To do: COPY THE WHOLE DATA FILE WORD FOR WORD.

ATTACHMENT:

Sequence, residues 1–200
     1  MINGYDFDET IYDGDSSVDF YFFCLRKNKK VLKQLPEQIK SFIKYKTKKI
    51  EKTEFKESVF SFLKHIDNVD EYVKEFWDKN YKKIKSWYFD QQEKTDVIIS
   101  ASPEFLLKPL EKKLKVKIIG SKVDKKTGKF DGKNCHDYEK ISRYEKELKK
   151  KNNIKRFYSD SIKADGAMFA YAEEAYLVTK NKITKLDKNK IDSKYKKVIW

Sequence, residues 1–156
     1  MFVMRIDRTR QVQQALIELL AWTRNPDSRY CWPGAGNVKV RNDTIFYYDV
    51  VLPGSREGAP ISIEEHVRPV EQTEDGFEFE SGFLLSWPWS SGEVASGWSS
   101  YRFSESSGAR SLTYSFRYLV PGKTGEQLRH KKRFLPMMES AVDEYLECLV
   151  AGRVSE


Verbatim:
Sequence, residues 1–200
     1  MINGYDFDET IYDGDSSVDF YFFCLRKNKK VLKQLPEQIK SFIKYKTKKI
    51  EKTEFKESVF SFLKHIDNVD EYVKEFWDKN YKKIKSWYFD QQEKTDVIIS
   101  ASPEFLLKPL EKKLKVKIIG SKVDKKTGKF DGKNCHDYEK ISRYEKELKK
   151  KNNIKRFYSD SIKADGAMFA YAEEAYLVTK NKITKLDKNK IDSKYKKVIW

Sequence, residues 1–156
     1  MFVMRIDRTR QVQQALIELL AWTRNPDSRY CWPGAGNVKV RNDTIFYYDV
    51  VLPGSREGAP ISIEEHVRPV EQTEDGFEFE SGFLLSWPWS SGEVASGWSS
   101  YRFSESSGAR SLTYSFRYLV PGKTGEQLRH KKRFLPMMES AVDEYLECLV
   151  AGRVSE